You’re complicating things. Or perhaps you’re un-complicating them, depending on your point of view. You always expect the unexpected as a parent, but one of the first things I was thrown by after your birth was an overwhelming sense of responsibility to not f*ck up. It came from this feeling I would get from looking at you, a palpable fear spurred by the vastness of possibility that your little body represented. It was like looking at a book with blank pages and feeling overwhelmed by the infinite stories its binding could hold.
Then toddlerhood arrived. I would walk into toy stores for the first time in decades and feel immediately suffocated by the Mattel-concoted dichotomy: blue on the left, pink on the right. Legos stacked with dinosaur kits, dollhouses clumped with toy vacuum cleaners. Every single store. Exactly the same. I felt like we were living in the social equivalent of the Cretaceous Period. But how could I protect my little girl from these damaging stereotypes without locking her in a cage? When she’s gifted a Barbie, do I look the other way? Or do I chop off its hair, give it a breast reduction and stuff it with a turkey?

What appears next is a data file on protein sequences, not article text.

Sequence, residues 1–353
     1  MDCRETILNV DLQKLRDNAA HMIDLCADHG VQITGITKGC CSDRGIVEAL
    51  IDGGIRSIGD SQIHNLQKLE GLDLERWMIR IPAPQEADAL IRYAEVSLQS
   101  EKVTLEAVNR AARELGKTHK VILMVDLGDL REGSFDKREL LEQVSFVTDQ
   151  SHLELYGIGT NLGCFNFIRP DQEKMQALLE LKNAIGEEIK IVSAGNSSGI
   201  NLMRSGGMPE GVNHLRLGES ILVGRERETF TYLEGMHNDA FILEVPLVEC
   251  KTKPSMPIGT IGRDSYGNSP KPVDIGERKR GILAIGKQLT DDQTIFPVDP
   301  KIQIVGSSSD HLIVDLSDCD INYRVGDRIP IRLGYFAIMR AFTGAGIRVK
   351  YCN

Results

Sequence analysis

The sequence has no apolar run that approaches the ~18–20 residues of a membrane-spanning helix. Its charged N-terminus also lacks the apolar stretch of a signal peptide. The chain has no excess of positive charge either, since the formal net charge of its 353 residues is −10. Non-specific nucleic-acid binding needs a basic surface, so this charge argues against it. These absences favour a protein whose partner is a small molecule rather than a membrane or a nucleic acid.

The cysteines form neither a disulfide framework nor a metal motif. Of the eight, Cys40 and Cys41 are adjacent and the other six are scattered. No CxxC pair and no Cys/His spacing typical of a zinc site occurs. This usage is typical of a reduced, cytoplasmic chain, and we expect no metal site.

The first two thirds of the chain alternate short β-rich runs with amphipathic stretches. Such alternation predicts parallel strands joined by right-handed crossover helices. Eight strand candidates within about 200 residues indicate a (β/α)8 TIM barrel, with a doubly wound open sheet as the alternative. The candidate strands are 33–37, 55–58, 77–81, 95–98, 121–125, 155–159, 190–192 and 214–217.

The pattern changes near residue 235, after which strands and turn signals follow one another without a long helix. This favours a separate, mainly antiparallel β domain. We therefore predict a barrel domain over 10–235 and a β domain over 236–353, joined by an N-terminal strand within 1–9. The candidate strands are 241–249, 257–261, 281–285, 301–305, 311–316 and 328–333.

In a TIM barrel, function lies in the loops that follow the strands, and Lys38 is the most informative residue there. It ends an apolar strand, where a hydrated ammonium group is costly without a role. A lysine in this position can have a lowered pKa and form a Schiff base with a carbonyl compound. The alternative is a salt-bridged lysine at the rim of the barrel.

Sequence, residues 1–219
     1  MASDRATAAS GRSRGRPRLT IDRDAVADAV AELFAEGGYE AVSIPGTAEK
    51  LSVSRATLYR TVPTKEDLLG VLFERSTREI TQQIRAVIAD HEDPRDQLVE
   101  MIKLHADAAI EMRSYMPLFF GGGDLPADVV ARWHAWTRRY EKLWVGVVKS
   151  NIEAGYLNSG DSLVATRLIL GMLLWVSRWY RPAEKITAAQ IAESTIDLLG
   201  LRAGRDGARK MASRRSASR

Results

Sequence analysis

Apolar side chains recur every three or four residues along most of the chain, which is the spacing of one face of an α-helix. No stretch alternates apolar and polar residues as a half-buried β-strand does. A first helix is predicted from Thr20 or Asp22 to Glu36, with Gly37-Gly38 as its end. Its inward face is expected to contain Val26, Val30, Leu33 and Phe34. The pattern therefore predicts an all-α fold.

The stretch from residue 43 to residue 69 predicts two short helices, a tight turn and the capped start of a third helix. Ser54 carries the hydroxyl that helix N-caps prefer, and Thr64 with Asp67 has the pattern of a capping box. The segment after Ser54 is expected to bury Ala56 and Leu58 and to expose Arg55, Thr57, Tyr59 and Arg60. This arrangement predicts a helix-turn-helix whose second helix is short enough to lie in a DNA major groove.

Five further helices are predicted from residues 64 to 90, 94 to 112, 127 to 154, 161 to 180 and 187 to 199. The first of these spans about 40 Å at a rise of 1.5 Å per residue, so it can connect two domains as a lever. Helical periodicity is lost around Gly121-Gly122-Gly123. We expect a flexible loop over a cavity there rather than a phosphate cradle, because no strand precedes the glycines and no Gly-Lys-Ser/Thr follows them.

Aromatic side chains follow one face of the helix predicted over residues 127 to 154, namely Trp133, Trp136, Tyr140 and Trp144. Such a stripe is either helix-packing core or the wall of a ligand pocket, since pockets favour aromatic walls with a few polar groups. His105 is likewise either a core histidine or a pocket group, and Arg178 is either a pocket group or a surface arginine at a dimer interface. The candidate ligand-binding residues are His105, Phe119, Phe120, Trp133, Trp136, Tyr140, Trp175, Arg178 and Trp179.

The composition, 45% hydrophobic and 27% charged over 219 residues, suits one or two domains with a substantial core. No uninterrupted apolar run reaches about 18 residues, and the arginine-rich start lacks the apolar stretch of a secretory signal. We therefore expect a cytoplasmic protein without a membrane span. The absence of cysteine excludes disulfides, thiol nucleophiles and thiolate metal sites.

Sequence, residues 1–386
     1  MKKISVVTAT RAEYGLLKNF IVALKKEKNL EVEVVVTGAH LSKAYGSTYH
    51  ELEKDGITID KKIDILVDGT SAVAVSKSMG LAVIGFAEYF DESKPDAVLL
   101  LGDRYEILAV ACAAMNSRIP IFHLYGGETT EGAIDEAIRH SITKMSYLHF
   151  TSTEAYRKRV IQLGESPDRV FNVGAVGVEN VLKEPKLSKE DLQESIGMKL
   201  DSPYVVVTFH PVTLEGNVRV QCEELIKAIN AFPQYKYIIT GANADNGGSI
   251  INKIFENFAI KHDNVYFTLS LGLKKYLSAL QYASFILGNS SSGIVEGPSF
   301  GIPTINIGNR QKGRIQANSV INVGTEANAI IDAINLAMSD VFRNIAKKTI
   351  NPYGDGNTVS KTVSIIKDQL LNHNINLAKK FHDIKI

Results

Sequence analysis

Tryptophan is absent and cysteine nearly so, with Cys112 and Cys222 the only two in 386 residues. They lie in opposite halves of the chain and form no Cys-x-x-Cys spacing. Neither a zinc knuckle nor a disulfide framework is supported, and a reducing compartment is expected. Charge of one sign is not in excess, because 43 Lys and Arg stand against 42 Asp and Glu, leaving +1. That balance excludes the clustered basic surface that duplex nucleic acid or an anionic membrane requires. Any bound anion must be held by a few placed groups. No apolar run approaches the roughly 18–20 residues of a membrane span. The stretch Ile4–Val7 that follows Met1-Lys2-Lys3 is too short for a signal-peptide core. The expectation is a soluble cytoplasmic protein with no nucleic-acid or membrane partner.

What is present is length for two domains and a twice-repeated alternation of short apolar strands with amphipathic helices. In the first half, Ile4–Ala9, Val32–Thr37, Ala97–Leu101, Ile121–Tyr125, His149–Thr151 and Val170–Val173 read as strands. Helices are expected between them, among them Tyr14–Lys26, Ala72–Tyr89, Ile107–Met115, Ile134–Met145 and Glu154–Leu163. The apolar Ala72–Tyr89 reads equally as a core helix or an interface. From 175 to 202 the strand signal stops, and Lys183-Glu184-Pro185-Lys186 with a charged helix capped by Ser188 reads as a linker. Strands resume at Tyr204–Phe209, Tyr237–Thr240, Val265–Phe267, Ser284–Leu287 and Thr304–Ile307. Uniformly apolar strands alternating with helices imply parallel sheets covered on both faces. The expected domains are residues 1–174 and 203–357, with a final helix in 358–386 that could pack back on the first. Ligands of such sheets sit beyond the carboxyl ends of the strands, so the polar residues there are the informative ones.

Parenthood is like a rite of passage into a mine field: you know your journey has a high potential for insidious results, but you’re not always sure how to avoid them. Sometimes, though, choices are easy. For now, I can control what clothes I buy for you, what television shows you watch and which toys I buy. Your days with GoldieBlox are developing your engineering skills, empowering you with the same aptitudes that have long been reserved only for the opposite sex. Your natural affinity for Peppa, the adorably androgynous British pig, has filled me with joy. And your obsession with throwing snowballs at your father is, well, it’s just awesome.
But recently you’ve developed a few “questionable in nature” preferences. When given a choice amongst all the colors of the wheel, you seldom choose a shade outside pink’s spectrum. You obsessively ask mommy to “put on red lipstick, please” and gush over the sight of the stain on my lips. When I can’t find you in the house, I often find you at my vanity, applying a clownish amount of blush to your cheeks. And you’ve also somehow amassed quite the collection of tutus and can most often be found donning one.
I’m not sure where that all comes from. But one thing I am sure of is that you are one joyous little child. If it’s lipstick and tutus that make your world spin, I’d never have the heart to take them from you. But if one day your sights turn to baseballs, hammers and cars, I’ll love you just the same. More than anything, I want you to know that it never has to be one or the other like the toy store wants you to think. So, go ahead, tear down those aisles and pave a new path. Because your world will only be as blue or as pink as you make it.